The Goldman Sachs technology M&A team, led by Sam Britton, has cashed in on its software focus and decades of experience to dominate 2019's biggest deals.Technologyread more
American small and medium-size companies that rely on China are scrambling to adjust their business plans in response to the escalating trade war.Traderead more
Here are the products that stand to be the most affected by China's new tariffs on $75 billion worth of U.S. goods.Marketsread more
The summit comes amid fears over a global economic slowdown, and U.S. tensions over trade allies, Iran and Russia.Politicsread more
The world's second biggest economy is past a point where it cannot ignore its enormous debt anymore, according to an analyst.China Economyread more
Carl Medlock used to work at Tesla. Now he's one of the few people in the U.S. that can fix the company's original Roadster electric vehicles.Technologyread more
Trump does have some powerful tools that would not require approval from U.S. Congress.Politicsread more
Stocks dropped after Donald Trump ordered that U.S. manufacturers find alternatives to their operations in China.US Marketsread more
As demand for lab monkeys continues to rise, U.S. scientists are reporting delays in research projects because they can't obtain enough animals, according to the National...Politicsread more
The European Union will respond in kind if the U.S. imposes tariffs on France over digital tax plan, EU chief Donald Tusk told G-7.Technologyread more
Trump said he will raise tariffs on $250 billion in Chinese goods to 30% and hike duties on another $300 billion in products to 15%.Politicsread more
If your closets are stuffed but your wallet's too thin, a startup called thredUP is taking the hassle out of consignment with free pickup service.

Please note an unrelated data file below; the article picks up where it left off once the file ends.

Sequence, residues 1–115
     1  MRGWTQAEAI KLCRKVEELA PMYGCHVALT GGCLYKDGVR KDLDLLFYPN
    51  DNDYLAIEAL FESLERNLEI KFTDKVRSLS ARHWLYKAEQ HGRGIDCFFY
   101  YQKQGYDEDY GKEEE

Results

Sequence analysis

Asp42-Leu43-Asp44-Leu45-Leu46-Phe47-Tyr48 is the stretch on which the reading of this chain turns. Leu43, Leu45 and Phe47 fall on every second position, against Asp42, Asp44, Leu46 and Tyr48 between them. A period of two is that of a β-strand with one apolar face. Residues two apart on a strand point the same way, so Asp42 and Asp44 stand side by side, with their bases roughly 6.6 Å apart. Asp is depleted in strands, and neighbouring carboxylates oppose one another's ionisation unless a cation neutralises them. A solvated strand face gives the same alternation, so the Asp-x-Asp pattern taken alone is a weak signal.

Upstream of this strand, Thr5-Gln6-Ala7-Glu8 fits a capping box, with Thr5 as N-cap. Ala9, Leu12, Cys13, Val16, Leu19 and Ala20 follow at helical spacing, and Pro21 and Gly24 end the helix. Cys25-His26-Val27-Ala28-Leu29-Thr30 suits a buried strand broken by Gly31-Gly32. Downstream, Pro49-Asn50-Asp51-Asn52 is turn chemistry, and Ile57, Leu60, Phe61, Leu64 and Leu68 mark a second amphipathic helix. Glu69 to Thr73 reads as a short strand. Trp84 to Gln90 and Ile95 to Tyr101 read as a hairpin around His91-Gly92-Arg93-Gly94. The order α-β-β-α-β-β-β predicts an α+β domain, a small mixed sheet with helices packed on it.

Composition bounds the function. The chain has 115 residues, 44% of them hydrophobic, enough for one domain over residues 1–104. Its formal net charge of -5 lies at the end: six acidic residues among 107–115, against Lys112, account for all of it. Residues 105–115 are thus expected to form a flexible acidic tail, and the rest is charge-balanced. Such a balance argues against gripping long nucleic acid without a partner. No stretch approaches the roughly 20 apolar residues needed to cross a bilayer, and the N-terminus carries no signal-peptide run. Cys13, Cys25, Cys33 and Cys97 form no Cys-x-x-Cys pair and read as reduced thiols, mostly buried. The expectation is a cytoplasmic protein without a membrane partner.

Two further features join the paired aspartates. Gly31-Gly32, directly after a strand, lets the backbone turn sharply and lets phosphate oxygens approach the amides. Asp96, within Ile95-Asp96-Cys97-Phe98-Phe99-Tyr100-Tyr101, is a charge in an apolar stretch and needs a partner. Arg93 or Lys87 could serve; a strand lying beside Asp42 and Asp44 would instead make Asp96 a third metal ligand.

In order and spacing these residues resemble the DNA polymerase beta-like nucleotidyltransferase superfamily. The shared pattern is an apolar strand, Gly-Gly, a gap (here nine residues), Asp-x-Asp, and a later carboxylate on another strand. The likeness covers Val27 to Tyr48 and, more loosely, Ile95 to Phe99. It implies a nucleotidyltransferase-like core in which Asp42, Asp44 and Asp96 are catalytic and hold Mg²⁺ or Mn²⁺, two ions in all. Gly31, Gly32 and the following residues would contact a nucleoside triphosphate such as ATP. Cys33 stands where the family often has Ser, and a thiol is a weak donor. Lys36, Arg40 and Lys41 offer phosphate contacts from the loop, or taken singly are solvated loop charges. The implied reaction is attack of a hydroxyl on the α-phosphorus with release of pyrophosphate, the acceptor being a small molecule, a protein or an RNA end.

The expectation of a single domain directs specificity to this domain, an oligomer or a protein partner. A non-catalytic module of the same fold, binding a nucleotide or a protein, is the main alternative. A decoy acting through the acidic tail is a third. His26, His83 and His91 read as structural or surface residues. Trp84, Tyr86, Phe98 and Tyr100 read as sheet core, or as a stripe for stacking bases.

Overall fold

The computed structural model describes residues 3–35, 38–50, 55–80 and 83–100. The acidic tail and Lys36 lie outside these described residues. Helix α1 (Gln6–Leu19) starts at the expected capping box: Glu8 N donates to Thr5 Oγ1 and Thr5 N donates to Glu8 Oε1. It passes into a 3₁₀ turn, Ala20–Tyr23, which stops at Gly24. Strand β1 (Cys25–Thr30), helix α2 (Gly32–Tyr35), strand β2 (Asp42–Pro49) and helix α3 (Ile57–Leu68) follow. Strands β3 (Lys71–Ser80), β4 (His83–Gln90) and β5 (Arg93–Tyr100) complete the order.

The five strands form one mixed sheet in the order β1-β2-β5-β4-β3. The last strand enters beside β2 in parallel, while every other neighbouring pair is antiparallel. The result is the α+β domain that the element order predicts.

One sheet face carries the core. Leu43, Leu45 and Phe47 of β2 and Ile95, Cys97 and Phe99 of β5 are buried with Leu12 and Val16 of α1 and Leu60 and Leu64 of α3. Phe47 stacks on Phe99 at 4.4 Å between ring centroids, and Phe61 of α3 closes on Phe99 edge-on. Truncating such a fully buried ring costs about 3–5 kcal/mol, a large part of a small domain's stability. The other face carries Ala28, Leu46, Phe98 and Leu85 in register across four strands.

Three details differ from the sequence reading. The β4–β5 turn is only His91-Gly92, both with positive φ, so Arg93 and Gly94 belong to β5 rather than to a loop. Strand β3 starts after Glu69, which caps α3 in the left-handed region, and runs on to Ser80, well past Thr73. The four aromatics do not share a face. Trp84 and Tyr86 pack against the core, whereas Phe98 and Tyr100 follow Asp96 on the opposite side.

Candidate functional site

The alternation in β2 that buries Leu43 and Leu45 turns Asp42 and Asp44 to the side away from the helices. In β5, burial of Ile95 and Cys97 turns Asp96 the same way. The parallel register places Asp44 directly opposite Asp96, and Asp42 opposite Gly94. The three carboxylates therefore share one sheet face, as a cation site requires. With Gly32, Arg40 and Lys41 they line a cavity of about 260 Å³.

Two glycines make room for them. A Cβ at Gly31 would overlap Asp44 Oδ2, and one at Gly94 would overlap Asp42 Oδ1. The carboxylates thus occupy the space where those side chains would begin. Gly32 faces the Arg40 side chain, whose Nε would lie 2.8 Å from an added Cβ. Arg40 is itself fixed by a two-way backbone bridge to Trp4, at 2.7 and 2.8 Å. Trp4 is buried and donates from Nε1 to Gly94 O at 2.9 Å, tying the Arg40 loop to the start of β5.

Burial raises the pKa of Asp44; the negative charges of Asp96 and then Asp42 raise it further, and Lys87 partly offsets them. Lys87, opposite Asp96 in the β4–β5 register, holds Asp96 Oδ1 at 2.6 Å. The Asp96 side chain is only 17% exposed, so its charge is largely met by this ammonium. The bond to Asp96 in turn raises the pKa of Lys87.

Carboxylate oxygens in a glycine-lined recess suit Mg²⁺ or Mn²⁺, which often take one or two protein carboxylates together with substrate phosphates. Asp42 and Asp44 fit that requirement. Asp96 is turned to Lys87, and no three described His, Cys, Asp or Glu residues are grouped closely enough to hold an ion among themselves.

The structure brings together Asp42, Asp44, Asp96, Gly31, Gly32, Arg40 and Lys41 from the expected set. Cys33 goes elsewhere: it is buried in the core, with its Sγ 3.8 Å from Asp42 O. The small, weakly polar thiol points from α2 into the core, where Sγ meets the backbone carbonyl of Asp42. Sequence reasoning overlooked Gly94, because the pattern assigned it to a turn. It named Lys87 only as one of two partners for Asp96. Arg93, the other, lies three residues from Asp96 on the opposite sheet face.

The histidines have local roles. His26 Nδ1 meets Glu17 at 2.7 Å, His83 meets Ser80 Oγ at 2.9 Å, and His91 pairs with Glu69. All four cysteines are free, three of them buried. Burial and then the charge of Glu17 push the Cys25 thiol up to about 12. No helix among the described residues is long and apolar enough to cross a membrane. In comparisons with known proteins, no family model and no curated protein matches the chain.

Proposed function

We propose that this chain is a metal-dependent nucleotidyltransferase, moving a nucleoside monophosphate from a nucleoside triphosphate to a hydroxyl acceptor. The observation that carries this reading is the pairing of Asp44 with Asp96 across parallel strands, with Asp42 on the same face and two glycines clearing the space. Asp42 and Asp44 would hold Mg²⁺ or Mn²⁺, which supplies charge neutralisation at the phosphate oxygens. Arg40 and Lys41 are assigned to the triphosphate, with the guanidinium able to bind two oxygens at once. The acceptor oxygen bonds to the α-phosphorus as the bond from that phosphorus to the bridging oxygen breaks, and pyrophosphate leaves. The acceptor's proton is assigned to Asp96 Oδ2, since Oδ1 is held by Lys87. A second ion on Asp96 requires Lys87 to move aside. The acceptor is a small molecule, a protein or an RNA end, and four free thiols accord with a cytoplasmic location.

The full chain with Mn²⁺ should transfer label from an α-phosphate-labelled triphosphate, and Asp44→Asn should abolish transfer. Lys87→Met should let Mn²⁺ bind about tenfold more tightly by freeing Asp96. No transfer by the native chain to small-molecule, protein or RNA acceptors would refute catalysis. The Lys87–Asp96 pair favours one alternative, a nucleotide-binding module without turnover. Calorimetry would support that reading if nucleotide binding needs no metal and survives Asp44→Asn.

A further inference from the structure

"I started this business because I had a closet full of shirts I didn't wear and it was inconvenient to try and sell them on eBay, so they just sat in my closet," founder and CEO James Reinhart told CNBC's On the Money in an interview. "There needed to be an easier way."
The company launched in 2009 and is headquartered in San Francisco. So far, it has raised $131 million dollars from companies like Goldman Sachs, Redpoint Ventures, Trinity Ventures, Highland Capital and Upfront Ventures.
With thredUP, people can go on the website or mobile app and request a free "clean out" bag. After filling it up with unwanted items, customers can leave the bag on their doorstep. Reinhart says the company has a partnership with the postal service and FedEx.
Originally Reinhart started the secondhand store alternative exclusively for men's shirts. What he quickly realized, however, is that the much larger and lucrative market is women and children's clothing. The company shifted to that segment and hasn't looked back since.
"The irony is not lost on me that we still don't do men's [clothing] but it's a pretty small market in resale, Reinhart said. "Women's and kids' [clothes] is the sweet spot."
All items are inspected at thredUP's warehouse. For clothes with a resale value under $60, customers can expect a payout immediately (typically between 10 to 40 percent of the anticipated selling price). For more valuable items, customers will receive a payout after the item sells. To help get an idea of what they can expect for a payout, thredUP has a payout estimator for the public.
The company's website notes that women's brands recouping the highest percentage of the buyers' original investment include: Rebecca Minkoff, Kate Spade, Tory Burch, and Marc Jacobs. When it comes to kids, brands with the best resale value include: UGG, Moxie, Merrell, and The North Face.
Reinhart notes the company is extremely picky when it comes to the items it puts up for sale. He says approximately 50 percent of the clothing it receives is rejected and donated to charity.
According to data cited by the National Association of Resale and Thrift Shops, the clothing resale sector generates annual revenues of $16 billion. It's a growing category with a lot of interest from venture capital. In 2014 thredUP noted $100 million was invested into resale companies, up from $40 million in 2013.
Reinhart's company competes with over 25,000 traditional brick and mortar consignment shops, online auction sites like eBay, and newcomers such as The Real Real, Tradesy, and Poshmark. However, he says his company emphasizes its convenience: It provides customers and the breadth of brands it will accept. Reinhart says the company lists 12,000 items daily featuring 25,000+ brands.
For thredUP customers, the work and time spent on listing, selling, and shipping is all taken care of by the company.
"I think the people who sell their own things –I think it's just a different type of person," Reinhart said. "It's a person who really wants to maximize the last penny and willing to do a lot more work. For thredUP really it's about convenience."
On the Money airs on CNBC Saturdays at 5:30 am ET, or check listings for air times in local markets.